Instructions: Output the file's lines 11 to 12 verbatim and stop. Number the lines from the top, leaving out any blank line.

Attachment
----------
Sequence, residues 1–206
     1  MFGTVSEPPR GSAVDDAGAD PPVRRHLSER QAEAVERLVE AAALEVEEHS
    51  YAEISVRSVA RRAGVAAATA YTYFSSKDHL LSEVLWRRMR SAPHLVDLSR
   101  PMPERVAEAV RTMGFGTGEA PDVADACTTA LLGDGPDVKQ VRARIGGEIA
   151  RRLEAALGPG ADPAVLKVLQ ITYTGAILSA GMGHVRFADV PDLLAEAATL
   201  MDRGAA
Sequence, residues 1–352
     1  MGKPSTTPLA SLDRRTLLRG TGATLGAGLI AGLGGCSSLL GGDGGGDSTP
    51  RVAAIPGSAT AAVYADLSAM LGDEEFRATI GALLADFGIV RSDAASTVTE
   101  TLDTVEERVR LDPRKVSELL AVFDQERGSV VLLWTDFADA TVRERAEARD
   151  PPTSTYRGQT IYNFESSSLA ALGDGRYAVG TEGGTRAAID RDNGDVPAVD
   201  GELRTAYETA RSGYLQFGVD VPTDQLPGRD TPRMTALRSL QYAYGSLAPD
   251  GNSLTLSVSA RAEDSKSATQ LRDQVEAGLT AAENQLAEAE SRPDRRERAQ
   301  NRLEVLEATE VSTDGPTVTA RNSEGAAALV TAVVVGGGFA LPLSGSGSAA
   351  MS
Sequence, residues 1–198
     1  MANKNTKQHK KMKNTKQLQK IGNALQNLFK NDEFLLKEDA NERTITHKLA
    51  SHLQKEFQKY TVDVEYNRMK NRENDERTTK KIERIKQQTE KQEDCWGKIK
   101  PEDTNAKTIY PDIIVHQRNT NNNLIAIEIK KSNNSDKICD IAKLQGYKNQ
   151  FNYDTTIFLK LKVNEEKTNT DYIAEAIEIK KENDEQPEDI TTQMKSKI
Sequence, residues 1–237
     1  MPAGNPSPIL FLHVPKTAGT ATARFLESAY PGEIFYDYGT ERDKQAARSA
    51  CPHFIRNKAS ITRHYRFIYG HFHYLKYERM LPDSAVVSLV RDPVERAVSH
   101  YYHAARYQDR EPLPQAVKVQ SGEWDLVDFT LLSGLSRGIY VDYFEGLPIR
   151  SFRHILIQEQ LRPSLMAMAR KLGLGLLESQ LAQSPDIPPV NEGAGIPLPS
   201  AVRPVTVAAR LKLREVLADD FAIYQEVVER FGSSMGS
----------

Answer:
   151  PPTSTYRGQT IYNFESSSLA ALGDGRYAVG TEGGTRAAID RDNGDVPAVD
   201  GELRTAYETA RSGYLQFGVD VPTDQLPGRD TPRMTALRSL QYAYGSLAPD